How Higher Energy Taxes Threaten US Shale Boom & Economy
Shale Production is Driving Growth
The Shale Oil & Gas boom has created an energy renaissance in the U.S. Domestic oil production has raised to the highest output levelin 20 years, and the United States may finally become an energy independent nation by 2035.
Furthermore, the development of domestic oil and natural gas from shale helped the U.S. meet roughly 83 percent of its energy needs in 2012, and has reduced net oil import figures to the lowest level in roughly 20 years.
By the end of 2014, the Energy Information Administration expects oil production in the U.S. to outpace imports by 2 million barrels per day. If this occurs, this will be the first time production will surpass oil imports in roughly 20 years.
Independent oil and natural gas producers in the U.S. are doing their part to ensure a sustainable growth that will match our future energy needs.
Nevertheless, the looming threat of increased taxes as well as the congressional removal of oil and natural gas tax provisions remains a constant threat to our industry’s success.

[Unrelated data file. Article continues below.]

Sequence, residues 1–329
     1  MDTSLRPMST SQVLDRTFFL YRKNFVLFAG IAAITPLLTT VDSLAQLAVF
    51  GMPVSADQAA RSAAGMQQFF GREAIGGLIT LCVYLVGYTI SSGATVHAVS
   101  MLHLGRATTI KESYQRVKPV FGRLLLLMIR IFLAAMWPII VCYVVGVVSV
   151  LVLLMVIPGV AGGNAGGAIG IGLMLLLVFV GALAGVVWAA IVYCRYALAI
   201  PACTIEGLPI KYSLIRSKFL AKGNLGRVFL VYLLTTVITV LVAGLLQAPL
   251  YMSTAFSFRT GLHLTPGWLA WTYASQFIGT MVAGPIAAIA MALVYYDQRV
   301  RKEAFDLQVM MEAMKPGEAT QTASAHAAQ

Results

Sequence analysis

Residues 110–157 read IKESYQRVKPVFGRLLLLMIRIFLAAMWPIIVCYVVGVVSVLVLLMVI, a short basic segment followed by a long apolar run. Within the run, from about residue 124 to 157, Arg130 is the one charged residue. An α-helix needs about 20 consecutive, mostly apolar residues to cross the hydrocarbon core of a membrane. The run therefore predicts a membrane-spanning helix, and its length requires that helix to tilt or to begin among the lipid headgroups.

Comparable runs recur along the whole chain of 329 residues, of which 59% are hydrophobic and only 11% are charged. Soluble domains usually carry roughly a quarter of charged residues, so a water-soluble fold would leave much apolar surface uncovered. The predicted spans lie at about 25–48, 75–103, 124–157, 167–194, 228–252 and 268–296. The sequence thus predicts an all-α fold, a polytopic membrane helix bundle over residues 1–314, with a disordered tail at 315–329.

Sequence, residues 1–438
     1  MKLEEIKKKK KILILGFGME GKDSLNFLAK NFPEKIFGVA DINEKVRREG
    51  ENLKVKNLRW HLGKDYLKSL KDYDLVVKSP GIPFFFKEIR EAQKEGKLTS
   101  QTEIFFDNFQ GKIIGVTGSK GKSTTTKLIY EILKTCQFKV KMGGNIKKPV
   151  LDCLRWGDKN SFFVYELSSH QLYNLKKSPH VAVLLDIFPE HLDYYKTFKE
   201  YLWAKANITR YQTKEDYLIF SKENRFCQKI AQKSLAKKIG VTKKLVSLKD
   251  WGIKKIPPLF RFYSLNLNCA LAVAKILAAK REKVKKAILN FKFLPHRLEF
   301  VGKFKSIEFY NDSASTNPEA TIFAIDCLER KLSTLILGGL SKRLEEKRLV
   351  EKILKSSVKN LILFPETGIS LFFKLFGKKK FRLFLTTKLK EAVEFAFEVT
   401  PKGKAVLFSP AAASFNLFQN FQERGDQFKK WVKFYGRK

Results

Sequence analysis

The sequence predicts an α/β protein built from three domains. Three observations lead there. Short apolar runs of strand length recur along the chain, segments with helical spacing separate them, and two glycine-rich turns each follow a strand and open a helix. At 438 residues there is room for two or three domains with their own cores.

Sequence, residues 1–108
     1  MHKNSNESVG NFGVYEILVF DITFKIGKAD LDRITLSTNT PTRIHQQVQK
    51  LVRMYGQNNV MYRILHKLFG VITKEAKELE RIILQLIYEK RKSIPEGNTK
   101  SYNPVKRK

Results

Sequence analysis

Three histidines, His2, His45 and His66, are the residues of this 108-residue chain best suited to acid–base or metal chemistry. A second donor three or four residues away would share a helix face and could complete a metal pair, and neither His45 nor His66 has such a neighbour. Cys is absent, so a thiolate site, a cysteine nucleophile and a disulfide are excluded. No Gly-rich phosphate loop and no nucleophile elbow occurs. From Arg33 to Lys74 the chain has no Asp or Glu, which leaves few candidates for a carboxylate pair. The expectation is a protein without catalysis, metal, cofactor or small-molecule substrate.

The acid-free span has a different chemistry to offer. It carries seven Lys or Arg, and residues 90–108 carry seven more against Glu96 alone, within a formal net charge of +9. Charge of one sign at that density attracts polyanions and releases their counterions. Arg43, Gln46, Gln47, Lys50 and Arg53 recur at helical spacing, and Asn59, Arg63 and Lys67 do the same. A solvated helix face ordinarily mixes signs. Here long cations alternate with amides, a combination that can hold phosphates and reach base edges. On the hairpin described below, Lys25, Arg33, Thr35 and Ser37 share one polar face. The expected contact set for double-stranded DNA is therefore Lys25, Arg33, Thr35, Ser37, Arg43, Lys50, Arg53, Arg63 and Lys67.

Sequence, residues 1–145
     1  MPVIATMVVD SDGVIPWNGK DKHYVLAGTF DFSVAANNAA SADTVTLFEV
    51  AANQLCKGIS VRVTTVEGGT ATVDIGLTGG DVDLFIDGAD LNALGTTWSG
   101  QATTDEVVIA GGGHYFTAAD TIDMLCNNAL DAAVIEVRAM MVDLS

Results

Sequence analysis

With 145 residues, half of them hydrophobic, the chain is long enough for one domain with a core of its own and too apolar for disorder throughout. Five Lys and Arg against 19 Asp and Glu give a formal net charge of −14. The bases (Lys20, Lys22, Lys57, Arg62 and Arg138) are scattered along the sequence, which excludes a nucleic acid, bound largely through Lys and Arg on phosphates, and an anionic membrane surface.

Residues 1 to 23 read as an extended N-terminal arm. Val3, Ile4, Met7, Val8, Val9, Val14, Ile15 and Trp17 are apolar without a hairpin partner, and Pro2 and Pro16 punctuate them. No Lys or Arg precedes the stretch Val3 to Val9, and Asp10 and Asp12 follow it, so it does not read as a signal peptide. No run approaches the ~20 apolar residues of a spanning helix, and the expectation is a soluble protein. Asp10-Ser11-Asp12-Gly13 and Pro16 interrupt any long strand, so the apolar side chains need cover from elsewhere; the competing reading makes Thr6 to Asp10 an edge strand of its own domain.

The removal of oil and gas tax "subsidies" will likely compromise the industry’s job creation, economic growth, and development capabilities, which are necessary to offset the rapidly expanding population in the U.S.
The Truth about Oil and Gas Tax Provisions
Tax deductions are not the same as subsidies. Unfortunately, this is something that is oftentimes misunderstood in the United States.
Oil and natural gas companies in the U.S. do not actually receive subsidized payments from the federal government to produce oil and gas. However, there are a number of provisions in the federal tax code that enable companies to recover their operational costs.
This means that the oil and natural gas industry takes advantage of the same kinds of tax deductions and treatments that are available to every other manufacturing or extractive industry in the United States.
The policies outlining cost recovery options in the federal tax code are being used legitimately by the oil and gas industry. The benefits are no different than those received by other industries and are necessary to ensure oil and gas expenditures are treated no differently than other business operational costs.
More columns from this author
- How Higher Energy Taxes Threaten US Shale Boom & Economy
- Why Investors are Spending Big on the US Oil and Gas Boom
- Upward Income Mobility & Shale Production: A Causal Connection?
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